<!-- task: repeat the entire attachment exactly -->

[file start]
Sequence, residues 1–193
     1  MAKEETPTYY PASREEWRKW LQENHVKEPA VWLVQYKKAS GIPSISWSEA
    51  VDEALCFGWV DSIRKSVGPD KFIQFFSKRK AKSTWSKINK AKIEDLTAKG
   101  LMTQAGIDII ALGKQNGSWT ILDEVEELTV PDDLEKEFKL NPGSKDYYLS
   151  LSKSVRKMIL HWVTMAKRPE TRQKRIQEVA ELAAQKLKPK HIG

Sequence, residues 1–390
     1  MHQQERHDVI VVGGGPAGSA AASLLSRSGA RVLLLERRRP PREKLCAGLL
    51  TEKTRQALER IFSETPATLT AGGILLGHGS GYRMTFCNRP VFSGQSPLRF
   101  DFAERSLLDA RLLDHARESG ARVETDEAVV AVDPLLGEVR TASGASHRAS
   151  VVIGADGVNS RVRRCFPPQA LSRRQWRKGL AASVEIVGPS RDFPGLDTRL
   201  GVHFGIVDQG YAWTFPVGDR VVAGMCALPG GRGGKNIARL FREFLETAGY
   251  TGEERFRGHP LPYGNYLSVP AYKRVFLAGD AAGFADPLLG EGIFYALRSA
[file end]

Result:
Sequence, residues 1–193
     1  MAKEETPTYY PASREEWRKW LQENHVKEPA VWLVQYKKAS GIPSISWSEA
    51  VDEALCFGWV DSIRKSVGPD KFIQFFSKRK AKSTWSKINK AKIEDLTAKG
   101  LMTQAGIDII ALGKQNGSWT ILDEVEELTV PDDLEKEFKL NPGSKDYYLS
   151  LSKSVRKMIL HWVTMAKRPE TRQKRIQEVA ELAAQKLKPK HIG

Sequence, residues 1–390
     1  MHQQERHDVI VVGGGPAGSA AASLLSRSGA RVLLLERRRP PREKLCAGLL
    51  TEKTRQALER IFSETPATLT AGGILLGHGS GYRMTFCNRP VFSGQSPLRF
   101  DFAERSLLDA RLLDHARESG ARVETDEAVV AVDPLLGEVR TASGASHRAS
   151  VVIGADGVNS RVRRCFPPQA LSRRQWRKGL AASVEIVGPS RDFPGLDTRL
   201  GVHFGIVDQG YAWTFPVGDR VVAGMCALPG GRGGKNIARL FREFLETAGY
   251  TGEERFRGHP LPYGNYLSVP AYKRVFLAGD AAGFADPLLG EGIFYALRSA